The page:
Vocational Education Learning Group

Speech
  • Assistant Minister for Vocational Education and Skills

E&OE TRANSCRIPT
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Good morning and thank you for the opportunity to address this conference.

The VELG conference is always a highlight on the vocational education calendar, attracting people from all over the sector.

You are the people at the forefront of vocational education and training in this country, who recognise its intrinsic value and critical importance – both for the individual and for the broader economy.

When I addressed this conference last year, I had only been in this role for a couple of months and my focus was consulting with stakeholders to identify issues to draw up a plan to take the sector forward.

Today I’d like to take you through the reforms those consultations have led to and the reasons behind them.

I’m a passionate advocate of our vocational education and training sector and am determined to continue to raise its status as a pathway to many rewarding career opportunities.

VET equips students with the skills and expertise they need to succeed in the workplace.

That ranges from the school-leaver, to the parent returning to work, the young Indigenous apprentice, or the 50 year old professional tradesman who’s retraining for a new career.

VET offers something to everyone.

It helps many people secure their first job, and opens their eyes to possibilities and opportunities on their broader education journey.

The theme of this conference, Building Quality in VET, comes as a timely reminder that we can only achieve these outcomes for students if we have a sector dedicated to the highest standards.

Ensuring quality in our VET sector is a key priority for me.

It’s only through the provision of quality training, with proven and consistent outcomes for students, that you can build confidence in the sector.

Better outcomes will encourage more students to undertake training, and in turn provides more skilled workers into the industries that need them.

In a very real way, quality stands as a foundation for the sector.

And the Government is always looking for ways to further build and improve the quality of the sector.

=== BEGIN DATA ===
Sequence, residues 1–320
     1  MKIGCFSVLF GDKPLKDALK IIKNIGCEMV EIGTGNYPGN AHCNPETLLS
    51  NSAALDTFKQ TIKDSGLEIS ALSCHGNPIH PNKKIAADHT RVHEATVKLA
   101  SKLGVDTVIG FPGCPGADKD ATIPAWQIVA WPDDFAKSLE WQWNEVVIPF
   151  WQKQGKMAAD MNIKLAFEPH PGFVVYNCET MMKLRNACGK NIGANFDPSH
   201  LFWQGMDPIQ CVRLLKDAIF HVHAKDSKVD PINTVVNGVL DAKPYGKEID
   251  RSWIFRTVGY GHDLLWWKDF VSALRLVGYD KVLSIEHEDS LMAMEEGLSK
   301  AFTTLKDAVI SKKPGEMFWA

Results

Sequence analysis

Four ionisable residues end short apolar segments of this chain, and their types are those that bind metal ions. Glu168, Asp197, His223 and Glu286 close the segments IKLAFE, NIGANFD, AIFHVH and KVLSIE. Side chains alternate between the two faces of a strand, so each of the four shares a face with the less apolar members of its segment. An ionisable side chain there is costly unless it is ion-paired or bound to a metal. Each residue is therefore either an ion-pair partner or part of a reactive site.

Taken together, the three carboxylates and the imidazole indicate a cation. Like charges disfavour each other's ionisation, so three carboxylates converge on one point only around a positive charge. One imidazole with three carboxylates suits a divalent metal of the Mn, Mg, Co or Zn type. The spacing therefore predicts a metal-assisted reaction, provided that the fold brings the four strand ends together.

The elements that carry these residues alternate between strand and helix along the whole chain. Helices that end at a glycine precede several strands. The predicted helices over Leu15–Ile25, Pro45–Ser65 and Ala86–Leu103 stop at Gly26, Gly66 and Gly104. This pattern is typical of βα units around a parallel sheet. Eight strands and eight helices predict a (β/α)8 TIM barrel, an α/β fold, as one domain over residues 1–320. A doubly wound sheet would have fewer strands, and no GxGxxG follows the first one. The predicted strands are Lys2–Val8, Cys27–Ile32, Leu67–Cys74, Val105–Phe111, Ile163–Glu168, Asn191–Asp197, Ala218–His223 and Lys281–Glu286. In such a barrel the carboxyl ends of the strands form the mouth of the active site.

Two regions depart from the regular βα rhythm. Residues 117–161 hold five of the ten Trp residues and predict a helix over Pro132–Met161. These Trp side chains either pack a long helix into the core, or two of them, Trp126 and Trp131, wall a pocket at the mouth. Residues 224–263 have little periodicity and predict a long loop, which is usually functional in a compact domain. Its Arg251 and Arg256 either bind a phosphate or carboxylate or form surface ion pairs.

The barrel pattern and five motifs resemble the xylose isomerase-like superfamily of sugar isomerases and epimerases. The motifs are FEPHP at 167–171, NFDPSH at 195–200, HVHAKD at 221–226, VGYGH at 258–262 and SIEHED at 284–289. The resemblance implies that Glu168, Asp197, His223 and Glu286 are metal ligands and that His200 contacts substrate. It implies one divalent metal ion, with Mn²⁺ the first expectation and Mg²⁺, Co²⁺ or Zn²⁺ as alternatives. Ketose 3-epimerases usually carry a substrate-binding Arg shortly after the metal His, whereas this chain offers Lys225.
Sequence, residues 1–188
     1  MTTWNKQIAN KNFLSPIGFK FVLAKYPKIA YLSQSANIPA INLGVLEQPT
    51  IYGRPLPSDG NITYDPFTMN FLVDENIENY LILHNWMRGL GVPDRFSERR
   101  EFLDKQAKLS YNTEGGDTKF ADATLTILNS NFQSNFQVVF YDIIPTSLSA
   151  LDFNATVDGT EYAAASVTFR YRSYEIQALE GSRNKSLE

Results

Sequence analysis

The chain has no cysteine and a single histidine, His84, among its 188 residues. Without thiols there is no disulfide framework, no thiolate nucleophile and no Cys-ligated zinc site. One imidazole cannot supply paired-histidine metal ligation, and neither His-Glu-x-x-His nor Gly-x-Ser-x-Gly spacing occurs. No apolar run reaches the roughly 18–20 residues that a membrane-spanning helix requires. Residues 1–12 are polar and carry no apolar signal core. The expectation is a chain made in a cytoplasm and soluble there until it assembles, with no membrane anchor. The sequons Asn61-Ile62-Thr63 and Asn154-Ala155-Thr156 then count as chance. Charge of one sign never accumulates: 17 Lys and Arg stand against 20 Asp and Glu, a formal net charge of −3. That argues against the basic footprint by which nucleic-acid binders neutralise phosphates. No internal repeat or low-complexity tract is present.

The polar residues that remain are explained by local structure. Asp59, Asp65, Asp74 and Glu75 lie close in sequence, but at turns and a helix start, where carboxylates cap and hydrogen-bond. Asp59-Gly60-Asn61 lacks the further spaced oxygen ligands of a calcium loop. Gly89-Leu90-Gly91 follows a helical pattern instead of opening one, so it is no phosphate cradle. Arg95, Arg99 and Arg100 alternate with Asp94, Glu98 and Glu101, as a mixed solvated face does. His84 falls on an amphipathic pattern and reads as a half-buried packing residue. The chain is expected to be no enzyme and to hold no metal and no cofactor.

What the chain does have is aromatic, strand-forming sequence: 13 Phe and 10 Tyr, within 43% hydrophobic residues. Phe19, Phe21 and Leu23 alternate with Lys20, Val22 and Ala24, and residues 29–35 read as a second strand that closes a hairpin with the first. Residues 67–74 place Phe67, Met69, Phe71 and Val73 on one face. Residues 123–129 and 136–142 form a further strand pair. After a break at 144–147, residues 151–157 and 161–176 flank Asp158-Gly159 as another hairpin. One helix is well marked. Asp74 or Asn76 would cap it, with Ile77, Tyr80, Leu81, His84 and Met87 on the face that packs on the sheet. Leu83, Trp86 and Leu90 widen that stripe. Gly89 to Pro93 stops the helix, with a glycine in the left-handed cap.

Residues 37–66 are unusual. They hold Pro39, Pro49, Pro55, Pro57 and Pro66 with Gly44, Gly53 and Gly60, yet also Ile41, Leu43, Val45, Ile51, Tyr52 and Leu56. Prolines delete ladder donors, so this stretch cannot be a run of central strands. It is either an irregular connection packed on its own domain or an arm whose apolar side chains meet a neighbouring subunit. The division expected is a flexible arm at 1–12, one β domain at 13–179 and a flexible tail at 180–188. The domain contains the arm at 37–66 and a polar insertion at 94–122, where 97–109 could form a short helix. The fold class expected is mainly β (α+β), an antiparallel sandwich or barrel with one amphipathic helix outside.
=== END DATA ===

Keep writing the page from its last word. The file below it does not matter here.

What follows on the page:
Without a doubt one of the biggest threats to the sector’s reputation in recent years has been the VET FEE-HELP scheme.

Its problems are well documented and you are all well aware of the reputational damage VET FEE HELP caused to the sector.

So we took action.

A new program, VET Student Loans, was implemented from January 1 this year.

The VET Student Loans program provides value for money as a student-centred program that delivers high quality training and holds providers to account.

We learnt from past mistakes and implemented a number of features to ensure no repeat of VET FEE-HELP was possible.

Before being eligible for loans, a course must now be shown to align with industry needs.

We placed loan caps on courses to put downward pressure on fees and avoid cost blow-outs.

Students must demonstrate they are legitimately engaged in their studies.

Independent brokers are banned from signing students up to courses on behalf of training providers.

And we have introduced a VET Student Loans Ombudsman to investigate any complaints that may arise.

We also have mechanisms in place to ensure the system is transparent, and we can track progress and monitor compliance as rigorously as possible.

The first six-monthly report on the performance of VET Student Loans was released last month with promising early results.

It details the amount of loans paid to individual training providers, how many students with each provider have been supported, and what courses of study were undertaken.

To June 30, over 24,000 students had a VET Student Loan approved, with $78 million paid to approved providers.

And importantly, the unit completion rates under VET Student Loans were 10 percentage points higher (75.2 per cent) for the first six months, than they were under VET FEE-HELP.

Results from the first VET Student Loans student satisfaction survey are also encouraging.

Of the more than 17,000 students surveyed since July 2017, almost 90 per cent said they were satisfied or very satisfied with the quality of their training.

While it’s still early days, this indicates that our objective to only provide loans to quality providers has been effective.

On 24 August I announced that the second formal application round to become an approved VET Student Loan course provider would open on 30 August and close on 26 September 2017.

The new VET Student Loans program is going a long way to undoing the damage of the former scheme, and these figures show that we are steadily rebuilding confidence in the sector.